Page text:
Sharing can be hard to do, especially as a kid. Still, even at work, we don’t like to let go of things and give others control of our stuff. This is especially true in tools that we create on Office 365.
We can spend countless hours or weeks developing a flow in Power Automate and then hold our breath when we share it with others, or even worse; we don’t end up sharing it with everyone and we forget about it ourselves.
There’s a sad world of orphaned and forgotten about flows from those who just don’t know how to properly share them with others. I’m here to talk about the ways you can connect team members to your flows in Power Automate and give you the best solution to enable multiple people at your organization to own them all from one shared centralized account!
We aren’t here to convince or force you to add all your users to every one of your flows. If you have a simple flow that only you connect and manage, that's totally fine and there are plenty of use cases for that. However, Power Automate can also be used for you and teammates to build and share flows. Here are some reasons why you want to add multiple owners to a flow:
Whatever your reasoning is, it’s always a good idea to add at least one additional owner to your Power Automate flows if anything happens to your account. Even if it’s just a way to get back to them from another route.
It’s important to know what assigning ownership of your flow actually does in Power Automate. Users will be able to find the flow under Shared Flows once they’re added to it. They also will have owner permissions, which enables them to rename, edit, and copy your flow.
Giving others access to your flows ensures their survival if you leave or get hit crossing the street, but it also gives them the same access to the flow that you do. In the same way that you authenticate with your account into other app in O365 to integrate them with Power Automate, added users will authenticate with their accounts as well to help monitor who is making changes.
Depending on the step in the flow, these are just a few examples of when it's helpful to pay attention to who’s connection is on a step:
Additional owners can go in to add their own steps and connections but may be unaware that their connection will be the default (instead of yours) when an action is added. By clicking the ellipses of a step directly in the flow, you can identify and change connections between owners under the Other Connections section, and reviewing overall connection in the flow properties helps you determine if you forgot to remove or add ones for recent or new owners.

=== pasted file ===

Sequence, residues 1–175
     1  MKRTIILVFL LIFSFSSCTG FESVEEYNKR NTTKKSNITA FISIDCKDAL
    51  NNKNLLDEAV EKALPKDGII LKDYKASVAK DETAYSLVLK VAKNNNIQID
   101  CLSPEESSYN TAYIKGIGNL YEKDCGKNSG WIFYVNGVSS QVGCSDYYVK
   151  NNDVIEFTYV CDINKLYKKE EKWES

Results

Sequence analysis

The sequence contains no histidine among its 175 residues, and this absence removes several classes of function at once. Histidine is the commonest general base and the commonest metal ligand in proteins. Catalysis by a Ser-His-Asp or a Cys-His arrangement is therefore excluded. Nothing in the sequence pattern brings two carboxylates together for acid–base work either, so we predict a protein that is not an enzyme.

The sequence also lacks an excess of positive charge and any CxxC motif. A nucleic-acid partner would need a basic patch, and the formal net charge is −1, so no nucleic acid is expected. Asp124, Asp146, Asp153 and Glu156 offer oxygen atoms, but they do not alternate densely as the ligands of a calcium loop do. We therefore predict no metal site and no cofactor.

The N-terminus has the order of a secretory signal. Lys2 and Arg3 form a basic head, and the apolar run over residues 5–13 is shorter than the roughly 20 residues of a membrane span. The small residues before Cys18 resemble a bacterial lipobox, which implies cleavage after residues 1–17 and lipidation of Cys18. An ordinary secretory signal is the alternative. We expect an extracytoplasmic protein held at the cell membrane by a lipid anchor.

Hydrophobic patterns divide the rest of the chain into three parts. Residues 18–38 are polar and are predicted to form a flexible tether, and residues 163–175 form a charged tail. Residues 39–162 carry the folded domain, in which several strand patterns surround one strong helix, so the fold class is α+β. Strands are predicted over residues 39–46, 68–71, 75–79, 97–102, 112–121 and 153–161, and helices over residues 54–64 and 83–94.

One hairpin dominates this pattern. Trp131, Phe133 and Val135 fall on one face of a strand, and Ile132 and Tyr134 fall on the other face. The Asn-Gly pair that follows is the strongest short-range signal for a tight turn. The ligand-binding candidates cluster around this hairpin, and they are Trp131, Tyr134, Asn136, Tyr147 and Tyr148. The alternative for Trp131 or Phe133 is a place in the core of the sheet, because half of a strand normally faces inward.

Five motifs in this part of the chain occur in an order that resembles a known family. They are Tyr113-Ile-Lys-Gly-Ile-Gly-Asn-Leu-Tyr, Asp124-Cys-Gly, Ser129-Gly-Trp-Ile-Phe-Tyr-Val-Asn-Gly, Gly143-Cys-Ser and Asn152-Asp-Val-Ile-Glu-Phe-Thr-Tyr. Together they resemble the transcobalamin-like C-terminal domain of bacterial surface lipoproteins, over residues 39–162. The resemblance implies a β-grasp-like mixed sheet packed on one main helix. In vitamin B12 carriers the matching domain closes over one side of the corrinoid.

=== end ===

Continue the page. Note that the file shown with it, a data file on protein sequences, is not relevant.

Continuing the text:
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There is another cleaner way to copy and move flows around your organization. You may notice that when you or others are added to a flow, the original owner can be removed, but this doesn’t actually remove them as the true author of the flow. Instead of adding and removing users and manually updating all the connections that can exist in a flow, you can export a copy of the entire build into a .zip file and take it anywhere you need.
Exported flows can be sent to other teammates and imported so that they are the new creators of the flow and can substitute their own connections in place of yours.
For organizations that work in multiple power automate environments, this can be critical to manage flow testing in dev environments before putting them into production.
When you import a flow package you can bring it in as a brand-new flow, or overwrite an existing one that you’re just trying to update. The interface lets you reset all the flow connections during the import.
Learning all the previous capabilities listed in this blog is super handy, as managing flows from several users in multiple environments can be overwhelming. The best thing you can do to simplify this chaos is to utilize one single "automation” account to administer and run the flows. Establishing a shared service account for flow managers simplifies access to them and provides a generic connection to operate within the flow.
Setting up a service account is as simple as getting another account license at your organization and configuring it. It does cost one more license, but companies that are large enough to need a service account will see the value in paying for it.
Once your service account is set up, you can share ownership of it with the intended employees, who can now log in and masquerade in the environments and build/manage as the same user account.
The real beauty of using a service account comes with the actions it performs through flows. Instead of an individual user that built the flow sending emails to company staff, a generic mailbox of the service account is sending email on behalf of whoever owns that flow at any given time. This becomes super useful the more often you have many, simple flows that do a lot of the same thing, and we actually mention situations like this along with a few other principles in our other blog 3 Reasons Why Child Flows are the Best Flows.
Whether your business is just starting out using Power Automate or you have multiple power users building flows in their own apps, this blog should give you everything you need to wrangle them together and get them collaborating under the same account. Knowing how the granular connections and flow packages impact your environment is key, but knowing how to move flows around and get to them quickly regardless of who created them is real power.
Change the Owner of a Cloud Flow
Export and Import your Flows across Environments with Packaging